Roy Wahlberg

Introduction Blog, by Roy Wahlberg

Name: Roy Wahlberg
Age: 68
Intake: 1976 (44 years behind MN prison walls, but who’s counting?)

Release: Although in principle a “paroleable lifer”, it appears that without significant advocacy the political and neurological complications of my life are destined to keep me in for the duration. So until and unless something changes in that regard, I look to more autonomous sources of freedom and fulfillment, writing being predominant among them.

I have both felt and seen the alchemical power of writing. Within this transformative crucible a person discovers new and positive interests and abilities to replace the negative ones that brought him/her to disaster. During the process, one also begins to identify with and build upon an improved and creative self-identity, a noncriminal one, and through that begin to build good self-esteem despite one’s past, even in the corrosive environment of prison.

At a more direct, existential level, I have also found writing to be a powerful palliative for all manner of pain. It can convert the tiniest cell into a universe of infinite imaginative possibilities, open a doorway to the subconscious mind, and place before one’s inner eye a cathartic feast of dream and reason. Now, what rational (or irrational) prisoner wouldn’t love that? — Wheee!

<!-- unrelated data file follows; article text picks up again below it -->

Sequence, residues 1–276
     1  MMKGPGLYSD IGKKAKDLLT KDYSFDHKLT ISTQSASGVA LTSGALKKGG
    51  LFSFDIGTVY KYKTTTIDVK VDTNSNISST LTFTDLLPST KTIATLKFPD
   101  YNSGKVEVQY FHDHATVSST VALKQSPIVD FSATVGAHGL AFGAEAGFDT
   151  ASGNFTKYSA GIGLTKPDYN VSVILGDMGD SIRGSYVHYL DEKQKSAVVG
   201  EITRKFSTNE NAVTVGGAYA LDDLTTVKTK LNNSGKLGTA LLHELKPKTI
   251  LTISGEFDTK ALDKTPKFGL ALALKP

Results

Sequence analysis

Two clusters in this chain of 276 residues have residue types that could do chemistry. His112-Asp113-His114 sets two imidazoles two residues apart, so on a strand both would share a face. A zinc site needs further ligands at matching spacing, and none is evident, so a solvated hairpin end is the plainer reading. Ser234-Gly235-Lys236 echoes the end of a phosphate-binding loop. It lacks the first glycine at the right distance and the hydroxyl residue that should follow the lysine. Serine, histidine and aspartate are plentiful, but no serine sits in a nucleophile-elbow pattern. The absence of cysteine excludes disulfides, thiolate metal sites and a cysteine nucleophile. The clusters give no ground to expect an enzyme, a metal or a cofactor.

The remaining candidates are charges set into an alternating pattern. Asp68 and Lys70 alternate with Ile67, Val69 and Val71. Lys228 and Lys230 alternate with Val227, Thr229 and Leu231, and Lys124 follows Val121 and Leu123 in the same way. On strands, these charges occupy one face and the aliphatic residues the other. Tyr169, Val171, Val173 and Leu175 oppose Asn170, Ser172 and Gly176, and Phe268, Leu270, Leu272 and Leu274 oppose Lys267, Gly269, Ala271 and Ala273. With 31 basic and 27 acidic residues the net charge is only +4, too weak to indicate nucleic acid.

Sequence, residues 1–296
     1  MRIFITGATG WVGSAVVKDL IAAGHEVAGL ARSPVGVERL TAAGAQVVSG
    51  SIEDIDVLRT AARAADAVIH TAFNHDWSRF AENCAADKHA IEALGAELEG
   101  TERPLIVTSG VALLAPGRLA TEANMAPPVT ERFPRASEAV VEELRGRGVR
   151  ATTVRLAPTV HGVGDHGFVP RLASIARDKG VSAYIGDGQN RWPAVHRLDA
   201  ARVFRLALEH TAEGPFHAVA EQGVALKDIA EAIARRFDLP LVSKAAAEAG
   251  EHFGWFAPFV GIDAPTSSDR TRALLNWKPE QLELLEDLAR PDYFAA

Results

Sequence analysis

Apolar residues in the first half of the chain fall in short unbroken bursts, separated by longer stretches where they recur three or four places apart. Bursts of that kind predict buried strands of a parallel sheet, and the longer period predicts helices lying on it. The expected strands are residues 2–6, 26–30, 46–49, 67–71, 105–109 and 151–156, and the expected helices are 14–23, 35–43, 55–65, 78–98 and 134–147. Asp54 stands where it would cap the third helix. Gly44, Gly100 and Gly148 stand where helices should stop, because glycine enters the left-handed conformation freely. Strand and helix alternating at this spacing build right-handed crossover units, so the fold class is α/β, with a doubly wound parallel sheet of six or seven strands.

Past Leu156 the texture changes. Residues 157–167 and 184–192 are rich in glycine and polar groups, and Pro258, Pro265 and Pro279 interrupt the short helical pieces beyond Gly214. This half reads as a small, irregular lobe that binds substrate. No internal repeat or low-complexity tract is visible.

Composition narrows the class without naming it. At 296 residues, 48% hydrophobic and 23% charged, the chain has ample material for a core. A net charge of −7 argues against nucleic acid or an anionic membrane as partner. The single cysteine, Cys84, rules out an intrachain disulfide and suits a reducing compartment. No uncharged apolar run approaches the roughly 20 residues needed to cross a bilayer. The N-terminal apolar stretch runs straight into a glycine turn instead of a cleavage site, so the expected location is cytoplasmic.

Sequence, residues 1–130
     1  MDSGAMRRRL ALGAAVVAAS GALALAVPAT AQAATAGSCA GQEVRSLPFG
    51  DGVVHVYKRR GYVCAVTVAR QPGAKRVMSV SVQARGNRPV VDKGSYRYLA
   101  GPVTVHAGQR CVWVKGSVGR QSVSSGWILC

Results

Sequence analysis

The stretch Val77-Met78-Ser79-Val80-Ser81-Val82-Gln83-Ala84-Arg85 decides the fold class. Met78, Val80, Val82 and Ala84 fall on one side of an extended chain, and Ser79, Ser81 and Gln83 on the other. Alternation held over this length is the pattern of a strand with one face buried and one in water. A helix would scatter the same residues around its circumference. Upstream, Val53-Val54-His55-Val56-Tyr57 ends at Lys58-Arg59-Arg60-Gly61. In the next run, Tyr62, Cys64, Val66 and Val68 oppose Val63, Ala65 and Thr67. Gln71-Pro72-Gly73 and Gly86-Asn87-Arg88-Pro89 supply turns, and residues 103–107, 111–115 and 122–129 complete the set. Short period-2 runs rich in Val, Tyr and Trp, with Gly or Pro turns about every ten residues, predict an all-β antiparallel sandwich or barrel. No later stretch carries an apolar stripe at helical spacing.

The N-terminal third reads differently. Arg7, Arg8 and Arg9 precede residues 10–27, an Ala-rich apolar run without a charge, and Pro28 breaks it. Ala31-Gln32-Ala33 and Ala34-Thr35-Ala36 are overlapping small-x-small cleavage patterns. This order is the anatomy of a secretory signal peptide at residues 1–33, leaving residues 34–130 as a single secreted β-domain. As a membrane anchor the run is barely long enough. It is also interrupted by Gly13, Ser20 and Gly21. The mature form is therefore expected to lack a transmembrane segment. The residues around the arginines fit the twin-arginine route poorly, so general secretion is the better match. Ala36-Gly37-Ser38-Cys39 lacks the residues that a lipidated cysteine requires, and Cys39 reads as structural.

About Me: This one’s tough. Like barnacles on a derelict ship, a steady accretion of legends has built up so thick around me that I scarcely recall who I was or am. Similar to Socrates’ death-trial complaint (but better written, natch), it’s obviously been a perennial problem for any accused “lucky” enough to become a darling of the press. Even though the original overexposure is temporary, omnipresent immortality is now automatically bestowed by the Google gods despite a person’s desire to leave that period of his life collecting dust in the media morgue as “yesterday’s news”. This newfangled immortality may be given pro bono gratis, but most of us don’t feel at all grateful. It leaves no way fer a fella to ride his horse over the hill and start a fresh, new life, however much he’s both paid and changed.

Yes, woe indeed to any person rendered high-profile and infamous, especially if spectacularly so. They and their entire life history then become objectified into the public domain where, even more than with shareware or a wikipedia entry, anyone can modify or append whatever they like, and with complete impunity (and legal immunity). And so many do, steering always toward maximum article profit, stitching from whole-cloth their sexed-up and colorful patchwork fabrications using threads of actual truth interspersed here and there to hold the whole Rube Goldberg contraption together just well enough to satisfy casual inspection. (No wonder we all end up looking like Raggedy Anns and Andys!)